In Blockbuster's case, segmenting customers can help analyze which persona the company should focus on to solve its core question. The company's main four customers are highly profitable customers, moderately profitable customers, breakeven customers and negative margin customers. Using a segment issue tree, each customer base can be further divided into revenues and costs (or any other metric) to help Blockbuster understand how to reach (or eliminate) certain customers.
⚡ Prezent Pro Tip: Get the most out of an issue tree with these three tips:
An issue tree is a rigorous mental map of the core question, and they work best when the M.E.C.E principle is followed to create them.
The main problem with an issue tree is its complexity. Companies try to build a detailed mental map of a core question and a problem, which can lead to issue trees becoming overly complex and challenging to work with. Here's an example of this happening with an issue tree for a return on investment capital (or ROIC). As more layers and nodes are added, the tree becomes complex and hard to solve:
The various branches and notes make it easy to get lost in the details of the tree. To avoid this, we need to use a technique called pruning. Branches of an issue tree are cut off to stop the complexity of the diagram exploding.
So, how should we decide which branches to prune? 🤔
A simple approach is to look at each branch and prioritize the important ones based on two assessments:
If the two assessments are placed on an axis, it creates four branches we can use to quickly decide which need pruning. Here's the final result:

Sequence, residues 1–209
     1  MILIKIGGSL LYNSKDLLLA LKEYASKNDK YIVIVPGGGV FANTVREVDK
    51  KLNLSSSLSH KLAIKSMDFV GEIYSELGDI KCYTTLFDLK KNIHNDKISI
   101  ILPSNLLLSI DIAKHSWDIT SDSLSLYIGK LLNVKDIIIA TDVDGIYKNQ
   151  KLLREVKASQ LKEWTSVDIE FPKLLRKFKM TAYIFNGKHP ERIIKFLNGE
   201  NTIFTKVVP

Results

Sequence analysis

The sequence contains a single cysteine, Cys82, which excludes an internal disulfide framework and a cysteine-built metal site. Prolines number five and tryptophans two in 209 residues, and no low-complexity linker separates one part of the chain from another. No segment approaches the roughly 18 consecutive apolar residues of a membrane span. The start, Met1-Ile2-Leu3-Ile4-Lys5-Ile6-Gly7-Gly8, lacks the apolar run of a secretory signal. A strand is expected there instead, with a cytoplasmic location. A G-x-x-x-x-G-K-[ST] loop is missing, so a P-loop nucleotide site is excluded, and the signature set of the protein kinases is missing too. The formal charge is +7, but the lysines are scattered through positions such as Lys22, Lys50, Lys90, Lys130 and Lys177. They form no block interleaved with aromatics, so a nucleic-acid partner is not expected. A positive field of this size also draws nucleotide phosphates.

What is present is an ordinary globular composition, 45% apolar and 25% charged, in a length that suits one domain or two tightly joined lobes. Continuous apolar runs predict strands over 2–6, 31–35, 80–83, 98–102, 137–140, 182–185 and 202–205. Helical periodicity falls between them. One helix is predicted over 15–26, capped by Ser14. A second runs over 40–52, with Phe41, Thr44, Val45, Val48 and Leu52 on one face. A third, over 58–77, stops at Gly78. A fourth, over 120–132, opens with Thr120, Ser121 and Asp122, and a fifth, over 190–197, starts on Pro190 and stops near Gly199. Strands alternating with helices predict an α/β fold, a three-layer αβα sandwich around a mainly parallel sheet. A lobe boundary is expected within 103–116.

It's easy to see which branches need pruning and which ones we should keep. For example, the high-impact/easy branches are no-brainers to keep, while low-impact/hard branches need to be ignored or eliminated.
Let's go back to the Blockbuster core question we attempted to solve earlier: How can blockbuster increase the profitability of its stores?
This is what the issue tree looks like if we try and solve the question using a mathematical formula:
We're left with four branches at the end. If we then apply the prioritization approach, we can figure out which (if any) branches need pruning. In this case, the branch with the low impact and high effort is the people who come to the store—this can be pruned. The other branches, # of products purchased, % of in-store shoppers and $ per product, can stay.
This simple exercise could've helped Blockbuster focus on answering its core question and stay competitive against Netflix.
Bob Dvorak spent ten years as a senior partner at McKinsey, leading teams in tech, media operations, sales and marketing.
He then founded Adaptam—a software development company in San Francisco. Dvorak says he has consistently used issue lists to solve major problems and develop solutions in business.
"An issue tree is kind of laying out the logic and steps—it requires a lot of thought, a lot of restructuring and a lot of work," he says.
"I tend to do the issue list, and then I test to see what's different and what's most important."
Once this work is done, Dvorak's next goal is to find the most efficient way to solve a problem requiring the least amount of work. Here's how Dvorak does that using these three steps:
Leaders who want to answer core questions have a similar theme, whether it's an issue tree or an issue list: breaking down the questions into manageable pieces is the key.
Core questions are notoriously complex to solve.
To find the real issue of a problem, we often have to dig deep. If we don't have the right strategy, we risk asking the wrong core question and not solving our problem.
Using strategies like issue trees, M.E.C.E, and prioritization graphs make this process a lot easier. Leaders can eliminate unhelpful issues so it's easier to focus on questions and scenarios that will bring them closer to answering their core questions.